Book #1: How Did Hitler Happen?
I've read a lot about World War II and the Holocaust (haven't we all?), but I've never read a book that explained so clearly how Hitler rose to power and got away with so much. Because World War II and the Holocaust are such enormous topics, narratives tend to jump right into the middle of the action, leaving readers feeling like they've been transported to some strange fantasyland, not unlike the dystopias of today's YA lit (Hunger Games, etc.). But Eric Metaxas pulls way back from the start of World War II, even back before World War I and sets us gently down in the highly cultured, highly educated world of Dietrich Bonhoeffer's admirable family. Through the first world war and the harrowing reparations demanded of Germany and then through Germany's financial crisis and national identity crisis, the conditions become ripe, crisis by crisis, for a madman like Hitler to climb the stairs onto the international stage. If you're interested in the question of how Hitler happened, this book is wonderful, but it doesn't end there.
Book #2: What is true Christianity?
This is another huge topic, and it's explored question by question throughout Bonhoeffer's extraordinary life. Born into a scientific and educationally exacting family, Dietrich Bonhoeffer stood out from the beginning, announcing at the age of 13 that he wanted to be a theologian. His older brother was working on splitting atoms with Albert Einstein and his father was Germany's best known psychiatrist, so pursuing theology was an odd choice. I admire the brave truth-seeking Bonhoeffer exhibited, beginning when he was very young. He explored different religions, admiring the bits and pieces he felt were "true" in each. For example, when he spent time in New York City, he attended church in Harlem because he felt the churches there showed much more true devotion to Jesus Christ than the more intellectual churches in midtown Manhattan. He also talked about "cheap grace," the idea that you only have to confess faith in Jesus Christ but don't have to follow his commandments or strive to live in a Christlike way. Woven throughout the history and biographical narrative are many, many faith-promoting ideas, quote, and stories. I also really appreciated evidence of Bonhoeffer's close relationship with God. For instance, one of the people who saw him shortly before he died happened upon him praying and commented on how he prayed as if he really knew that God was listening to him.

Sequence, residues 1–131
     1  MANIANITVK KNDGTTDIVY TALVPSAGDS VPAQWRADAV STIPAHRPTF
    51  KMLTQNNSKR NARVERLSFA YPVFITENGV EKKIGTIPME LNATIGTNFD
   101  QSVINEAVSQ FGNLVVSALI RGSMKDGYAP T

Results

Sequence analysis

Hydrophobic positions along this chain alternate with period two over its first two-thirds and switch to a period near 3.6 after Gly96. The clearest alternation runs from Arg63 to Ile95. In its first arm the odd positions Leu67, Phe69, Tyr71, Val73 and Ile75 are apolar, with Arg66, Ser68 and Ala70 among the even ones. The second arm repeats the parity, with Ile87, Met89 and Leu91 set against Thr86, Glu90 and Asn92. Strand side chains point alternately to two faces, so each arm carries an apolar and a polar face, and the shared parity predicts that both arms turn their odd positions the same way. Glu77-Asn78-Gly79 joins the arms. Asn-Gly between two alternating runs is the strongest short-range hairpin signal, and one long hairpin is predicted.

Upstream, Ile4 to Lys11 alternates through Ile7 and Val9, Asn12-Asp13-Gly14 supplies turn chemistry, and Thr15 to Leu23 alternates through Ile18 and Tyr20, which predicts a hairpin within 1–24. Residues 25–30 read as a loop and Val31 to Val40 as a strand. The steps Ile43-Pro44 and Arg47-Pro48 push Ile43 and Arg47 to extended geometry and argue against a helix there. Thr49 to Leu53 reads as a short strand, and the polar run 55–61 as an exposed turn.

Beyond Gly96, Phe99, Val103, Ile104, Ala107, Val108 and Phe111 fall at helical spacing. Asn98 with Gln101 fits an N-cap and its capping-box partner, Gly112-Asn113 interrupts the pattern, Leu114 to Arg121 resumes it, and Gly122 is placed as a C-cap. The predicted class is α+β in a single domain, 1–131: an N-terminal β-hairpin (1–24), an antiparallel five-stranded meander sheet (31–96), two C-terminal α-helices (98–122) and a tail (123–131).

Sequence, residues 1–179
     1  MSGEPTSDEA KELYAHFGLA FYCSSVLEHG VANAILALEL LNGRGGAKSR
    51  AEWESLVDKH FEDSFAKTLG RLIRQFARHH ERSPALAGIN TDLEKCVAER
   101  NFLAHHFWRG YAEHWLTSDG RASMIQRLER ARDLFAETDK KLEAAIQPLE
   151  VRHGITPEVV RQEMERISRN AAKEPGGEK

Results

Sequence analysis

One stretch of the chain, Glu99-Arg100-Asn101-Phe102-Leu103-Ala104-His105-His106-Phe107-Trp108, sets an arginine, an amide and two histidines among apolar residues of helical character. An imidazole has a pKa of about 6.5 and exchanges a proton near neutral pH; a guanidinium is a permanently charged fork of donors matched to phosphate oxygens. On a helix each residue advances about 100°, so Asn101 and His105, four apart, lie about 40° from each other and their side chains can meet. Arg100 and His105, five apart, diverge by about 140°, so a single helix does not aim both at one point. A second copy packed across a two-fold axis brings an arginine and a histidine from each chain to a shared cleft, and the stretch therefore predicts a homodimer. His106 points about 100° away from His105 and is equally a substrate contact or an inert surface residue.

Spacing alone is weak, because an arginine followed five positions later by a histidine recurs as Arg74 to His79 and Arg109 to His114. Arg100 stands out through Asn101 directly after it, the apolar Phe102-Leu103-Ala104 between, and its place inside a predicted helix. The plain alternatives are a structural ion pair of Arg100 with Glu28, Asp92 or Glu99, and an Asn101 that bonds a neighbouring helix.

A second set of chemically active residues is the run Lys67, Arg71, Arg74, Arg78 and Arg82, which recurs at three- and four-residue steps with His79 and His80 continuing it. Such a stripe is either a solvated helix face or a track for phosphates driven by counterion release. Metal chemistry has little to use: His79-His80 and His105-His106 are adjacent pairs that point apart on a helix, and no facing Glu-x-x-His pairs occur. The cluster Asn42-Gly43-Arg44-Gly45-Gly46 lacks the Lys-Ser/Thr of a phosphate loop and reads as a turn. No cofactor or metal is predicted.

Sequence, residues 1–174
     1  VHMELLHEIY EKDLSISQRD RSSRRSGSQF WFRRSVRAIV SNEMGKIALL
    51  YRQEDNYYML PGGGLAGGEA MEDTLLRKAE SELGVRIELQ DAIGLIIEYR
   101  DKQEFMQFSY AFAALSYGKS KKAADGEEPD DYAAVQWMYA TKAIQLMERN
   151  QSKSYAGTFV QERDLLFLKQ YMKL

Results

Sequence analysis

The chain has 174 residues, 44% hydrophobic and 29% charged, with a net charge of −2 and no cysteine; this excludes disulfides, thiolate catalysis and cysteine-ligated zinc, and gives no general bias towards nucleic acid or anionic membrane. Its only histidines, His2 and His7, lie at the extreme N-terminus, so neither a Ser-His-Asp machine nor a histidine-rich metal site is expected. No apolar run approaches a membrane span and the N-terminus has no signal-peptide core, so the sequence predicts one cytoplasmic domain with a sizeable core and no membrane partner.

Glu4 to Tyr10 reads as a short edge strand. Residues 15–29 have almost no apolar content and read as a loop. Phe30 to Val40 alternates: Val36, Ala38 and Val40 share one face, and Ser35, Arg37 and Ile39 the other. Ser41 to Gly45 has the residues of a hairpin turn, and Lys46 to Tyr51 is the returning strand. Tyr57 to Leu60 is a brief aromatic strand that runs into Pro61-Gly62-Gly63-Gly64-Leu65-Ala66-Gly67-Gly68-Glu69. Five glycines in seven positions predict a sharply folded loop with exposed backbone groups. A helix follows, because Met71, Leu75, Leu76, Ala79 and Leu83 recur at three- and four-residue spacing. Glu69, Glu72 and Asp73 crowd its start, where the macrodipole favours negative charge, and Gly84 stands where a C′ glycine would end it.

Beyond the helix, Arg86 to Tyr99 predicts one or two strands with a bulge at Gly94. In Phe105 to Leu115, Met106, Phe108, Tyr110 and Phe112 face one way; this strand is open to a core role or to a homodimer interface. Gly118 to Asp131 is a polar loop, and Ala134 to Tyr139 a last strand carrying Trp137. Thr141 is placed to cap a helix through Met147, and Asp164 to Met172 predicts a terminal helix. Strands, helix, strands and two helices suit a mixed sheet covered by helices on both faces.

Book #3: How to live a cultured, refined life.
Modern American culture has a lot to offer, but culture and refinement aren't near the top of the list. Paula and Carl Bonhoeffer, however, are models of culture and refinement, and I found myself wishing I could be transported back to their Berlin home of a hundred years ago. From their large family dinners and birthday parties to their Saturday night concerts put on for family and friends, everything they did seems to have been designed to uplift those around them. Their letters to each other are elegant, heartfelt, and full of cultural references. They discuss science, art, and music the way people today talk about the NFL or the Grammys. Their elevated level of culture seems to have pulled them through incredible trauma. Even in prison, their sons had the character and active minds necessary to continue learning, support those around them, and be productive, active members of society.
If you read this, Dietrich Bonhoeffer will become a hero of yours, and so will his mother and his father and his twin sister Sabine and his best friend Bethge and his fiancée Maria. It's wonderful to learn about the German heroes of their darkest days.